Just when you thought it was safe to turn your back on political email skirmishes, Ready for Ron (a/k/a RFR and R4R) challenges the Federal Elections Commission (FEC) in Federal court over not being allowed to give a list chock full of email addresses to a candidate. Now before you get excited to imagine that the FEC and the Court cared even a tiny bit about the privacy of the email addresses, they didn’t. What they cared about, and what the FEC opinion letter and subsequent case turned on, is the value of an email address or, more precisely, the value of a list of contact information of 200,000 people, including email addresses. And both the FEC and the Court cared enough to hold that the value of that list exceeds the maximum allowed contribution to a candidate by a single entity.

The facts are actually pretty straight forward. In May of 2022, Ready for Ron registered as a “hybrid,
nonconnected, unauthorized political committee” whose purpose was to support Florida Governor Ron DeSantis in a bid for the Republican nomination. In that context, RFR created what it calls a “petition”* for people to “sign” if they wished to encourage Governor DeSantis to run, and then blitzed media and contact lists they had purchased, driving people to their website to sign the “petition”.

*Even the Court puts ‘petition’ in quotes, as the Ready for Ron site simply has a form which collects your name, email address, and phone number on its home page saying “Add your endorsement”. In fact, the Court very clearly calls it a contact list, saying “First, the “petition” or, more precisely, the contact information that RFR plans to include — constitutes a contact list that is a “thing of value” worth more than $2,900 (the then-applicable limit).”

The Value of a Political Email List: Ready for Ron (RFR) versus the FEC

In September of 2022 Ready for Ron requested an opinion from the Federal Elections Commission (FEC), the gist of which was “We anticipate gathering 58,000 signatures from our petition drive. Can we give this list of contacts to Governor DeSantis without running afoul of the maximum contribution limit of $2900 if he is a candidate? What about before he is a candidate but is ‘testing the waters’?” (‘Testing the waters’ is an actual defined term under election law, you can read about that here.)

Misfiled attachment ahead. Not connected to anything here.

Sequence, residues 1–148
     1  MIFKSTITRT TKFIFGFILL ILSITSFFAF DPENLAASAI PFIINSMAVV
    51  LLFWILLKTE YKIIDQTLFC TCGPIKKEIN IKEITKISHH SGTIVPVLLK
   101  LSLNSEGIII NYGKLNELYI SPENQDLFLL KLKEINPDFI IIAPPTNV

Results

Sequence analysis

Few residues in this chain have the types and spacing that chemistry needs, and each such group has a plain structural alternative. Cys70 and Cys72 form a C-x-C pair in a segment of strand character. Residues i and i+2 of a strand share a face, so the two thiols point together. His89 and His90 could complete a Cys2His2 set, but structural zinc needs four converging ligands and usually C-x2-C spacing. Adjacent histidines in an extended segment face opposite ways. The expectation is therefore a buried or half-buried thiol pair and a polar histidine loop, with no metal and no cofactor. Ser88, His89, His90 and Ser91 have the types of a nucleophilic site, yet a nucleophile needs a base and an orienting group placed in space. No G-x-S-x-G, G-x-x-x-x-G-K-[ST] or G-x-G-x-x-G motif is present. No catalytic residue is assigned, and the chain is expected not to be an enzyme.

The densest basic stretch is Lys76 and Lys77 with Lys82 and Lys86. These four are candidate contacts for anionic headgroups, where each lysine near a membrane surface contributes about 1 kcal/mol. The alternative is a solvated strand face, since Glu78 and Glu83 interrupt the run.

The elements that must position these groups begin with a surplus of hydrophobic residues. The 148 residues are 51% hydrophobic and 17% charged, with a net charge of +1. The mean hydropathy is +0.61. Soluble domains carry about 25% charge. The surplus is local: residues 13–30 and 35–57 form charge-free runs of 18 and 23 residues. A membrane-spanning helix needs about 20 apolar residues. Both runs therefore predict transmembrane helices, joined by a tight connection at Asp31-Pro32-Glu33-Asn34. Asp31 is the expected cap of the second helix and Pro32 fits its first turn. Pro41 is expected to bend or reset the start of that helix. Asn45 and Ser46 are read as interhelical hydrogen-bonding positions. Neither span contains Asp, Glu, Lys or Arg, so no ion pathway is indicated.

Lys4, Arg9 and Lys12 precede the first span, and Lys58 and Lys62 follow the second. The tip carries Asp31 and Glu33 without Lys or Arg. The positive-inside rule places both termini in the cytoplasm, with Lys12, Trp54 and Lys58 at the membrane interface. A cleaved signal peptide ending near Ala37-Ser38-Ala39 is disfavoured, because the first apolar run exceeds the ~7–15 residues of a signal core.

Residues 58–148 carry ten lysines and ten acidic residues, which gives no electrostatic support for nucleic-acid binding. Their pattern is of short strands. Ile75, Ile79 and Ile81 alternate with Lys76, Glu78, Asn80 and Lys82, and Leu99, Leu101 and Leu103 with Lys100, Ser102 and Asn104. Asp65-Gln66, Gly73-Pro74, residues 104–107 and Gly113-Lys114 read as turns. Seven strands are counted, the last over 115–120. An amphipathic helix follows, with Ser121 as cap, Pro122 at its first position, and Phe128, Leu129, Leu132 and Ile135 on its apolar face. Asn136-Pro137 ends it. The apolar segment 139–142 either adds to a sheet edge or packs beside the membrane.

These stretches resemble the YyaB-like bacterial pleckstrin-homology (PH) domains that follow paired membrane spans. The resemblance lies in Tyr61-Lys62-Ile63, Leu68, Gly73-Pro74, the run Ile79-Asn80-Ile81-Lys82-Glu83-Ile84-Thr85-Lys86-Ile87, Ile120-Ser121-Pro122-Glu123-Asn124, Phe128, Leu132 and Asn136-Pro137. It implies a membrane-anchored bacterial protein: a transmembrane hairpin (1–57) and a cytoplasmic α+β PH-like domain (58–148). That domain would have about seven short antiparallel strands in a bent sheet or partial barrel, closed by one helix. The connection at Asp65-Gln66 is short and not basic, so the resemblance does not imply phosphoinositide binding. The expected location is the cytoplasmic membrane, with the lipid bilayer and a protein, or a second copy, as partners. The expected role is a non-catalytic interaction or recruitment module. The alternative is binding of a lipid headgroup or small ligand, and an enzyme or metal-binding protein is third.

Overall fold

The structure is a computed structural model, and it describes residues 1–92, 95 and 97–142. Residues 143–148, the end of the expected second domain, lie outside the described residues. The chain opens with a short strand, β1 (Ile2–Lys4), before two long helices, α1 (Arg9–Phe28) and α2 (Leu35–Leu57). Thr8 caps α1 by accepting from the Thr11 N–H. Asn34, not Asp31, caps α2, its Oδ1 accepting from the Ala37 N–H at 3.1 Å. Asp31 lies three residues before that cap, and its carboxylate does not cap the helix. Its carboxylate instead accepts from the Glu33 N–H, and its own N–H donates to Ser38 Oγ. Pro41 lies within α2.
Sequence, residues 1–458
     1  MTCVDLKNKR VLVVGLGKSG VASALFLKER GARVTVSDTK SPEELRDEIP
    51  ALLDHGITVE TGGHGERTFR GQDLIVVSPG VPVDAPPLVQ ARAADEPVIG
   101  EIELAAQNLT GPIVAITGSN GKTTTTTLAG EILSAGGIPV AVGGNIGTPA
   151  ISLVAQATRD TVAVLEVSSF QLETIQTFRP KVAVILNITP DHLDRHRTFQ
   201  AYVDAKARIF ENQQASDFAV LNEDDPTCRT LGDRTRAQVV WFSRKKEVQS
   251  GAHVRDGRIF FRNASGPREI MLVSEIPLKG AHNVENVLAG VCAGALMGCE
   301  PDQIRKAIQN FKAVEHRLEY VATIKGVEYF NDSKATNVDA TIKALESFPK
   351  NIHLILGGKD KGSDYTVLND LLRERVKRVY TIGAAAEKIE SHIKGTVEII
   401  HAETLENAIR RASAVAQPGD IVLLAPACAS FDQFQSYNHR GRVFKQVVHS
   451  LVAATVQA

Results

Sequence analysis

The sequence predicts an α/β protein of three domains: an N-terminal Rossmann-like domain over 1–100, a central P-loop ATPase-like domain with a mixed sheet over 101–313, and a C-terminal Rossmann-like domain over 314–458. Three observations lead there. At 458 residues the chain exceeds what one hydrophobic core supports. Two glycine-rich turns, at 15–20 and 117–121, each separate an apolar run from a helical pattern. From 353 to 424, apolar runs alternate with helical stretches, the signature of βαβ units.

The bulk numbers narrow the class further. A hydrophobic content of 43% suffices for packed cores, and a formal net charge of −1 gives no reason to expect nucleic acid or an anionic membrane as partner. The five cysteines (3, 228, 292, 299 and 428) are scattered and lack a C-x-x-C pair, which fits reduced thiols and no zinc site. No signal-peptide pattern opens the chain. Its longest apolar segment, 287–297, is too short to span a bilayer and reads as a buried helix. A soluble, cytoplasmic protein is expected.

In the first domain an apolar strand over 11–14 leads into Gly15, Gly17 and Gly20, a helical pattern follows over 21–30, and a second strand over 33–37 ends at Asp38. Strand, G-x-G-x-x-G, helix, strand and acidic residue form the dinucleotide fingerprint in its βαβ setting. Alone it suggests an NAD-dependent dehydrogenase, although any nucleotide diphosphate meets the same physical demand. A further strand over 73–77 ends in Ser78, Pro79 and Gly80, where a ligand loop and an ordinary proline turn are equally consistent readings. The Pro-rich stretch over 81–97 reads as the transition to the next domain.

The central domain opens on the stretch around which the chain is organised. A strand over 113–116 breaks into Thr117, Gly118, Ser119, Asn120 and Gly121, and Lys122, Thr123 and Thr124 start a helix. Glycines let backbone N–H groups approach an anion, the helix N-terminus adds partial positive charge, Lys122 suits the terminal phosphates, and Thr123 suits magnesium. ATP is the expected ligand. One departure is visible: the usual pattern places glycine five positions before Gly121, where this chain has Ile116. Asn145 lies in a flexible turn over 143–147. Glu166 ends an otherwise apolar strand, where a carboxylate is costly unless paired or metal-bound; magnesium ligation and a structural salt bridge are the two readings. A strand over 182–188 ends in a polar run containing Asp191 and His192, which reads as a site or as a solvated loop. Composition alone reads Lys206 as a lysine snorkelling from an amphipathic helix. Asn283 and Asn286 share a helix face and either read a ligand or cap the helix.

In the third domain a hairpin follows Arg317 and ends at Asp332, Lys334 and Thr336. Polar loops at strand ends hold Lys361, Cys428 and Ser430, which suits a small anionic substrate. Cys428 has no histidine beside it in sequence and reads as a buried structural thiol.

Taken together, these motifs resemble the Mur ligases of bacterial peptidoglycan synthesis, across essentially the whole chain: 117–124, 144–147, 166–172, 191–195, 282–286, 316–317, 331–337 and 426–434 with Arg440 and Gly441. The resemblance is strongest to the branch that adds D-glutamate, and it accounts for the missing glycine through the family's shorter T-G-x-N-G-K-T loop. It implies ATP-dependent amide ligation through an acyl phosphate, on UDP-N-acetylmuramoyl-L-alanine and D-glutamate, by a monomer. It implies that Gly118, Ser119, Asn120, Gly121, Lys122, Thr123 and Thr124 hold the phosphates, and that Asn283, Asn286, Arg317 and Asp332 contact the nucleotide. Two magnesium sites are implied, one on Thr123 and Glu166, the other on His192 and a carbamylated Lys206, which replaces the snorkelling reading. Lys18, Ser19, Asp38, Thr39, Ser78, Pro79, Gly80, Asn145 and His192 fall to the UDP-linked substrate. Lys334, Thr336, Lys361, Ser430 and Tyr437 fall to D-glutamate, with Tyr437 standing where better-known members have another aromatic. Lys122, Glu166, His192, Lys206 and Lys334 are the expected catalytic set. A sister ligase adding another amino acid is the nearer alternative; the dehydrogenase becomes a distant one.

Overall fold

Conveniently, RFR put the value of a single contact’s information at 5 cents; 58,000 * .05 = $2900, funny how that math works out.

The only problem was that Ready for Ron also whined to the FEC that they had already aired “approximately 86 television advertisements promoting the petition, including on Fox News and other channels” as well as running online advertisements with a total of 318,779 impressions.” And, as the FEC found, “R4R plans to continue to promote the petition through television and online advertisements, as well as “through radio, podcast, Skywriting, direct mail, billboards, blimps, and other media,” and estimates that it will spend an average of $25,000-$50,000 per week on advertisements in support of the petition through 2024.”

Pretty clearly this “petition” was costing Ready for Ron way more than $2900. Meaning that the (let’s call a spade a spade) contact list already had a value of way more than $2900.

So the FEC said, in essence, “No, you can’t contribute a contact list with a value of more than $2900 to either a candidate, or to someone who is ‘testing the waters’.” And in point of fact, this is very well-established election law, going back to 1974, when the Federal Election Campaign Act was amended to limit contributions by individuals, parties, and PACs. (You can read the actual Federal Elections Commission advisory opinion letter to Ready for Ron here.)

But Ready for Ron didn’t like this answer, so they sued the Federal Elections Commission in Federal court, claiming that a) it violated their 1st Amendment rights in not allowing them to present the “petition” to Governor DeSantis, and that b) basically everything about the FEC’s opinion was wrong, violated RFR’s rights, and, yeah, it was just wrong.

The bottom line here is that the Court found that, by the time that the case came before the Court, Ready for Ron had actually “spent more than $1 million soliciting and gathering signatures and contact information from over 200,000 people who have declared themselves “Ready for Ron,” and that “RFR would like to deliver the “petition” that it has created to Florida Governor Ron DeSantis, along with a letter urging him to become a candidate for the Republican nomination for President in the 2024 election,” and that of course giving a candidate, or someone who is ‘testing the waters’ to see if they may have a viable candidacy, a contact list that had cost RFR more than a million dollars to compile far exceeded the allowable limits. As to Ready for Ron’s claims of violation of their First Amendment rights, and other claims, the Court roundly rejected all of their claims, and denied all of Ready for Ron’s motions.

You can read the Court’s opinion in Ready for Run versus the Federal Elections Commission here.

You can read Ready for Ron’s initial complaint filed with the Federal court here.

You can find all of the related documents here.

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